Another key element in the Swing package is supervision. Managers based at Fret SNCF headquarters in Clichy-la-Garenne will be able to take advantage of a new intranet-based information system that gives them an overall picture of the service; it also allows them to ‘zoom in’ to check the progress of an individual wagon. Real-time information is supplied from eight outstations to ensure that managers have an accurate view of the status of services, loadings and the network.

The information system has absorbed nearly 30% of the €20m that SNCF has spent over the last two years putting Swing together. An initial contribution of €50m from SNCF has been channelled into improvements to the infrastructure specifically to benefit the wagonload business. However, Nadal is concerned that RFF will be carrying out a considerable amount of engineering work to fettle up or repair the national network, and he fears that this may affect reliability of the new service.

During 2009 SNCF will concentrate its efforts on developing a commercial policy that makes best use of the new service which is based on historic traffic flows. ‘With an 80% load factor the network loses money, but at 85% it is earning a profit’, affirms Nadal. This means that SNCF will be looking for new business which incurs no extra expenditure or just marginal costs. While there is apparent synergy with the Geodis road transport business, this will only be exploited at a later stage, says Nadal.

SNCF is examining links with wagonload services operated by other railways in Europe as 80% of wagonload traffic is international. One scheme in this context is the X-Rail project which national operators in Germany, Switzerland, Belgium, Austria and Sweden plan to launch in 2009.

‘Cultural revolution’ called off

Many of Fret SNCF’s hopes in turning round its loss-making wagonload business rested on productivity improvements that the railway had negotiated with its staff. At least, it thought it had, until two trade unions announced that they would withdraw their labour on November 18, swiftly followed by five others calling for a strike with effect from November 23. Management persuaded the first two unions to postpone their strike until November 21, but the delay was bought at some cost.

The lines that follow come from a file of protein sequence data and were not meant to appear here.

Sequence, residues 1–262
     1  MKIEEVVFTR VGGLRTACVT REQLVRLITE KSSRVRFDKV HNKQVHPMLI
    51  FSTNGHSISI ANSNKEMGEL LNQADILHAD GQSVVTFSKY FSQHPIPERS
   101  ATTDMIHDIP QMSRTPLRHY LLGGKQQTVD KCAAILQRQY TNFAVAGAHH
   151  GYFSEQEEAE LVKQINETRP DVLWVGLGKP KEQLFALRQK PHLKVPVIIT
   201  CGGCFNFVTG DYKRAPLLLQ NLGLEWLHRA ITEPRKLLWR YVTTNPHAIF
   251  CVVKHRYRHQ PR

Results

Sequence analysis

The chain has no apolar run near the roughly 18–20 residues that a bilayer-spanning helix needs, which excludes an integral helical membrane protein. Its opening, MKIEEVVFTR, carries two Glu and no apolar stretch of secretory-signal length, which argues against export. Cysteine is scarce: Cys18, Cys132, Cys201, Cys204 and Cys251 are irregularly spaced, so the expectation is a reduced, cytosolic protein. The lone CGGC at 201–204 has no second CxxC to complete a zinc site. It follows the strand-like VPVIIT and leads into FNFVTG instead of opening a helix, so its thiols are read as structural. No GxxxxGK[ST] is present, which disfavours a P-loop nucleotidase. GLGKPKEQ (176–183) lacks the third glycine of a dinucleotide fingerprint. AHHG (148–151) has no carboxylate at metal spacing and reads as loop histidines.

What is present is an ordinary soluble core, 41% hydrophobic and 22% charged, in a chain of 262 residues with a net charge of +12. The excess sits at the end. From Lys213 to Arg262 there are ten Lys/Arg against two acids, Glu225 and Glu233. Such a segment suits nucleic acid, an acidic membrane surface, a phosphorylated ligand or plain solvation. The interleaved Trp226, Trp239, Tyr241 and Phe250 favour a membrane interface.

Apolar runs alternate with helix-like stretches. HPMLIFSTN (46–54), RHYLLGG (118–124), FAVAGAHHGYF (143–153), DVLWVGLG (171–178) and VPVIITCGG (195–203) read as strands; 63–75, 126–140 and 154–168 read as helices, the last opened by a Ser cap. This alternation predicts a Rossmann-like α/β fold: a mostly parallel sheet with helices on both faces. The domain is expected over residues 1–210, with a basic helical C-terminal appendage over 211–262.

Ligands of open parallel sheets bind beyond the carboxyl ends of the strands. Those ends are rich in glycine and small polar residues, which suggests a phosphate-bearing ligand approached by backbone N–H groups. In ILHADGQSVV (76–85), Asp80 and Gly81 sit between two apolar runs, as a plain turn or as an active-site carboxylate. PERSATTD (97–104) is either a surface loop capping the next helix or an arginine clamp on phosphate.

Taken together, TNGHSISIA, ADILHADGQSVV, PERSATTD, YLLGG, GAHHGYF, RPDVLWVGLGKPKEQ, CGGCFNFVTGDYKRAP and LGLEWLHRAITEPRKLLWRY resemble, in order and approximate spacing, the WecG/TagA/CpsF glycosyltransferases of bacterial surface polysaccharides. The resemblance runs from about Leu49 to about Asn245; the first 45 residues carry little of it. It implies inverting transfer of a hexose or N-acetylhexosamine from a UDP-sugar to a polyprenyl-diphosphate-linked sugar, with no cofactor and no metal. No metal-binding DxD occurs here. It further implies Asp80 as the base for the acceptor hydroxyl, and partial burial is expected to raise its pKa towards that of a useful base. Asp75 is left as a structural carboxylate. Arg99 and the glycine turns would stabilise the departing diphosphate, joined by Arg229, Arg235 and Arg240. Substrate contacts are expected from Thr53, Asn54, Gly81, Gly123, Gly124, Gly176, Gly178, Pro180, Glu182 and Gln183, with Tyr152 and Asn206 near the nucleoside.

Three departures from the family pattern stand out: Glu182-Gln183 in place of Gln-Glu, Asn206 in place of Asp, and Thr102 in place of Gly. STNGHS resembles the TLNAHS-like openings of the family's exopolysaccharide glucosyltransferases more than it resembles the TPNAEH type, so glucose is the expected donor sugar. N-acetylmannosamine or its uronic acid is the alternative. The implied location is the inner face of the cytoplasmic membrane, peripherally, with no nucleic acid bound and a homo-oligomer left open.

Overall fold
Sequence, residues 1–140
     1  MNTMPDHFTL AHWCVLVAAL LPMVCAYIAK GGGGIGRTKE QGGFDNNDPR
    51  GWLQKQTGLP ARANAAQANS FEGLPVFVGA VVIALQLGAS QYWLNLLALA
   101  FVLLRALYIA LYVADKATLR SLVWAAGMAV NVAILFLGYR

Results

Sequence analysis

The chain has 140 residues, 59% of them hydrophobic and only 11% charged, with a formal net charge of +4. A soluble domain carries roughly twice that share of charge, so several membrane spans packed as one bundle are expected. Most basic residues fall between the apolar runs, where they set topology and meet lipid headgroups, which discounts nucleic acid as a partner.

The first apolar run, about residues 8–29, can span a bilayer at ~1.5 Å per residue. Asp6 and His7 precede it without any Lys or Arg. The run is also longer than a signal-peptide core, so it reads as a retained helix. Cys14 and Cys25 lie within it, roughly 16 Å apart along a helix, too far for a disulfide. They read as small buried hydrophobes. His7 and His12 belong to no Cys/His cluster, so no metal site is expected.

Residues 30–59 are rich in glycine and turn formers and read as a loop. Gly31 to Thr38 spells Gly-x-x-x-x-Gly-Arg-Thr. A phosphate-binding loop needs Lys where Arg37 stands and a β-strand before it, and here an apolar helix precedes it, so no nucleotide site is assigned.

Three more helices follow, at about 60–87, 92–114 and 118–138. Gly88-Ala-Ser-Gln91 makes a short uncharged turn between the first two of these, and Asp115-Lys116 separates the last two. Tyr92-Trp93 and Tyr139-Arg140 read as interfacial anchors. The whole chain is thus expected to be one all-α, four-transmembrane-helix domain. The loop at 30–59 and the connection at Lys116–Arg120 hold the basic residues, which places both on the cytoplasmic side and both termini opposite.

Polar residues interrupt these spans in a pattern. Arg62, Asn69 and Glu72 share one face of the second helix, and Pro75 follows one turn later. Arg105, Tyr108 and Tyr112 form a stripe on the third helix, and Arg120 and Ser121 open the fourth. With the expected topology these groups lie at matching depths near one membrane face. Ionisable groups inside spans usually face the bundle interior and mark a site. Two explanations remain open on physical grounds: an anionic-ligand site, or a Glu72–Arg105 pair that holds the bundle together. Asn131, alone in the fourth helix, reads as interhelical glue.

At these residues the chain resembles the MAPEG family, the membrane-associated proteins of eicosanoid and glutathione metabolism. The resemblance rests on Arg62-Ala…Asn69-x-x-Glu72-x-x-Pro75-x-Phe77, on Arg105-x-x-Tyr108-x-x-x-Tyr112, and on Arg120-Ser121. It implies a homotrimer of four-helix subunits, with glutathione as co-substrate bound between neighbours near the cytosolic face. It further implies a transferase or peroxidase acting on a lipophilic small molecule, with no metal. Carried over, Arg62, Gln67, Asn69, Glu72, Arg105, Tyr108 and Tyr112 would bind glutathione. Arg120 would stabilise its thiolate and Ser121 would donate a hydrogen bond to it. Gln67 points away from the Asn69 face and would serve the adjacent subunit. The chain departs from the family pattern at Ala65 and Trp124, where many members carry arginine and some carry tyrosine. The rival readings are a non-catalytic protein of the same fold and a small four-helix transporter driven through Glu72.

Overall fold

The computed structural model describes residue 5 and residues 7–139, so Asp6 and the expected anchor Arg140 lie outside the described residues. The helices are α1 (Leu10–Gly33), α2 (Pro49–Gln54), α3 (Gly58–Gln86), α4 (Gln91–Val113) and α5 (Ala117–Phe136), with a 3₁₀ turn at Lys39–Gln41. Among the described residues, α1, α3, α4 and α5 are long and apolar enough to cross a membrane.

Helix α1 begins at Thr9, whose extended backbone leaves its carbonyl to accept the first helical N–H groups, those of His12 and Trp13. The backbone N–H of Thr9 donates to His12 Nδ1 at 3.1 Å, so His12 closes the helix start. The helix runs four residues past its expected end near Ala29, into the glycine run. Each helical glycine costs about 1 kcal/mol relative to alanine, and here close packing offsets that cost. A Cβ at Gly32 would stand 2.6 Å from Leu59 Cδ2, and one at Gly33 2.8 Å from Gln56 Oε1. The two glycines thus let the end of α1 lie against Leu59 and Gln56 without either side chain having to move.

During earlier negotiations, staff had agreed to accept changes to working conditions, with around 920 out of around 2 200 drivers opting for night shifts to be lengthened from 6 h to 7 h 30 min, starting on December 14. The strike threat obliged SNCF to reopen the talks, as a result of which a compromise of 6 h 30 min was reached for night shifts. Other proposals to change working conditions were still being discussed as we closed for press.

Around 10 000 staff are involved in the wagonload business, and SNCF had hoped to persuade the unions to agree to changes in order to compete more effectively with open-access operators and road haulage. So much progress had been made that Jean-Claude Larrieu, Director responsible for the chemicals business and the wagonload sector, referred to ‘a real cultural revolution’. Regrettably, his comment seems to have been premature.